Welcome to our first annual listing of the year's Top 10 Movers & Shakers in security. In the past 12 months, remarkable numbers of security professionals have distinguished themselves, advancing education, technology and best practices in every security field. We'd like to thank everyone who submitted a nomination. It was no easy task to choose these 10, but we feel each of those chosen played a significant role in changing our industry for the better this year.
In the following list of corporate security professionals, government leaders and technology developers, we've tried to capture the spirit of our ever-changing industry. Many of our choices showed a commitment to educating their peers or customers on new security technologies. When technology advances as quickly as it has in security over the past few years, a clear voice of experience and understanding is essential. Convergence leadership is also evident in the backgrounds of many of our Top 10. Convergence will continue to grow in the coming years, and the industry is finding its guides into the New World . We've tried to recognize some of them here.
As 2006 comes to a close, look around at your security industry colleagues. Who is the most forward-thinking? Whose problem solving has made him shine? Whose active involvement in the security community has set her apart? Make a mental note. That person could be in next year's Top 10.
George W. Bush
Obviously the decisions of the President and his administration affect the country, its economy and its people, for better or worse. But President Bush's impact on the security industry has been monumental this year, so much so that we feel it boosts him from a given to a place on our top 10.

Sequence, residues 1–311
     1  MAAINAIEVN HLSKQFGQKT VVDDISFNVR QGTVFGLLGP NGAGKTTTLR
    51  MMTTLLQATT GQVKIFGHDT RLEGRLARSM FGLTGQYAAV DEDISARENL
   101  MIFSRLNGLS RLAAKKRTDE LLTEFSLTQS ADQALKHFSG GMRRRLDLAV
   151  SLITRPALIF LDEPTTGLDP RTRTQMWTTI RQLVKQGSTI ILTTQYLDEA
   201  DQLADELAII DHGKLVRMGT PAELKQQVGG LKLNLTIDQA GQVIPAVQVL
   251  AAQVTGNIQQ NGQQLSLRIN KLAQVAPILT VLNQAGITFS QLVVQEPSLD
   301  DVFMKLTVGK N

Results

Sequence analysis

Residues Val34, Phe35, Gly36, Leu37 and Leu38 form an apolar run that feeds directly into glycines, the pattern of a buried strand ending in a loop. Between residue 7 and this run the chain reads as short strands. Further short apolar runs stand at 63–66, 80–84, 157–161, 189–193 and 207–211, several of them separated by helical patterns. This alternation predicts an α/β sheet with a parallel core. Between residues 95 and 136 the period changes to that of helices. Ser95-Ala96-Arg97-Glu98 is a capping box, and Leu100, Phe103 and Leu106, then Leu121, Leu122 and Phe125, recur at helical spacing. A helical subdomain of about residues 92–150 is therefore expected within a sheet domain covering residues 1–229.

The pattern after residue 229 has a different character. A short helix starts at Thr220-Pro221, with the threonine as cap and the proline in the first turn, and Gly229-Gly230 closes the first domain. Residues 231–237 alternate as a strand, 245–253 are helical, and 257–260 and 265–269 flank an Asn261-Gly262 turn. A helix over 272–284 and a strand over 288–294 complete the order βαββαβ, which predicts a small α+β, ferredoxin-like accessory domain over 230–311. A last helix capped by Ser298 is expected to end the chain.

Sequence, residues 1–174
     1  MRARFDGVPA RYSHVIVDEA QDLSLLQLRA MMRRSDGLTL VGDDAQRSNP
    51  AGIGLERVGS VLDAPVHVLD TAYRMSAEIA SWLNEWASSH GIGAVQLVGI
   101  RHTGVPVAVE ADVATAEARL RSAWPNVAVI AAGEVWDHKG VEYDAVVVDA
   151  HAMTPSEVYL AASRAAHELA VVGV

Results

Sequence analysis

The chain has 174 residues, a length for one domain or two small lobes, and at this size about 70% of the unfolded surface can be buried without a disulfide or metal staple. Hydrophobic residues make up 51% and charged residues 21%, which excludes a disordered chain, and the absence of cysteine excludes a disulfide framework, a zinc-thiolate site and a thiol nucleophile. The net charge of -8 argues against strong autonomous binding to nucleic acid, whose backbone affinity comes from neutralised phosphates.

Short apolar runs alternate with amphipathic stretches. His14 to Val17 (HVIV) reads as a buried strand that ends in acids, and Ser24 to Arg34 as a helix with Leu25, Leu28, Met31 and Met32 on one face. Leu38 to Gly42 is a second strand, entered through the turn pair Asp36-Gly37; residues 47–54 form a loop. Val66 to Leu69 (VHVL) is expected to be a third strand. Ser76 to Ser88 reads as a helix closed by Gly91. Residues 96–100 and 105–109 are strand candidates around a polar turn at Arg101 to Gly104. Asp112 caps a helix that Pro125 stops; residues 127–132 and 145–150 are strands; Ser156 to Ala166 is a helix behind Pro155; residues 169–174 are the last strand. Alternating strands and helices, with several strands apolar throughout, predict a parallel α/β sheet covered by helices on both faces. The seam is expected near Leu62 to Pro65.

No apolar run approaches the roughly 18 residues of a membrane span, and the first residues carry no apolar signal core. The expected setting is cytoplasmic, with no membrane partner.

Specifically, we're talking about HSPD-12 and the resulting standards. Yes, President Bush last set his hand to Homeland Security Presidential Directive-12 in 2004, but this year, as government security users faced the directive's October 27 deadline to begin issuing compliant credentials, the industry truly felt the thunder of the mandate.
Security technology manufacturers have rushed to provide FIPS 201-compliant solutions. It seems everyone wants to be able to offer product that can make the cut, and for good reason. The Stanford Group Co., a research analysis firm, predicted in July that HSPD-12 spending would reach $1.3 billion over five years. Many of the manufacturers that have invested in reaching FIPS 201 compliance also have long arms in the private sector, and by many estimates, this will mean the private sector will begin to see some changes and benefits from the directive as well.
Since smart cards came onto the security and access control scene, consultants and security users have clamored for standards. The government has now taken steps to provide a standard for its own agencies, so why shouldn't private entities benefit from it? As Walter Hamilton, general manager of Saflink and chairman of the International Biometrics Industry Association, said in an interview with ST&D earlier this year, by buying FIPS 201-compliant products, non-government agencies can “save themselves a hell of a lot of money and ensure they're buying products that have already been vetted by the federal government in a way they couldn't possibly afford to do themselves.”
While some other industry professionals don't see the standards exploding onto the private scene, integrators surveyed by RSA Security at its April Smart Cards in Government Conference said they were getting ready for a commercial impact. More than half of the integrators surveyed (57 percent) said their firms were investing to prepare for potential revenue opportunities that may emerge if commercial organizations begin to embrace the standards. Almost one-quarter of these (22 percent) said investments exceed $1 million.
George W. Bush's historical legacy will surely include both praise and vitriol, but in security, his directive will be remembered as a major landmark.